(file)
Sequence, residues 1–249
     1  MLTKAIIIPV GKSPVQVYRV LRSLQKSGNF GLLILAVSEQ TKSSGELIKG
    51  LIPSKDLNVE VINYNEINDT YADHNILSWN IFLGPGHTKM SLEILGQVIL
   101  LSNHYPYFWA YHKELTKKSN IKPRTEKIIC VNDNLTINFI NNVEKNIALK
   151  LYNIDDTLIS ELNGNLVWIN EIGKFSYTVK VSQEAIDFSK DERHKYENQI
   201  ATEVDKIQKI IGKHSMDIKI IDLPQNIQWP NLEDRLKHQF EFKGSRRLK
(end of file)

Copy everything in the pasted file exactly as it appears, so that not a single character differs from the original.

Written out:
Sequence, residues 1–249
     1  MLTKAIIIPV GKSPVQVYRV LRSLQKSGNF GLLILAVSEQ TKSSGELIKG
    51  LIPSKDLNVE VINYNEINDT YADHNILSWN IFLGPGHTKM SLEILGQVIL
   101  LSNHYPYFWA YHKELTKKSN IKPRTEKIIC VNDNLTINFI NNVEKNIALK
   151  LYNIDDTLIS ELNGNLVWIN EIGKFSYTVK VSQEAIDFSK DERHKYENQI
   201  ATEVDKIQKI IGKHSMDIKI IDLPQNIQWP NLEDRLKHQF EFKGSRRLK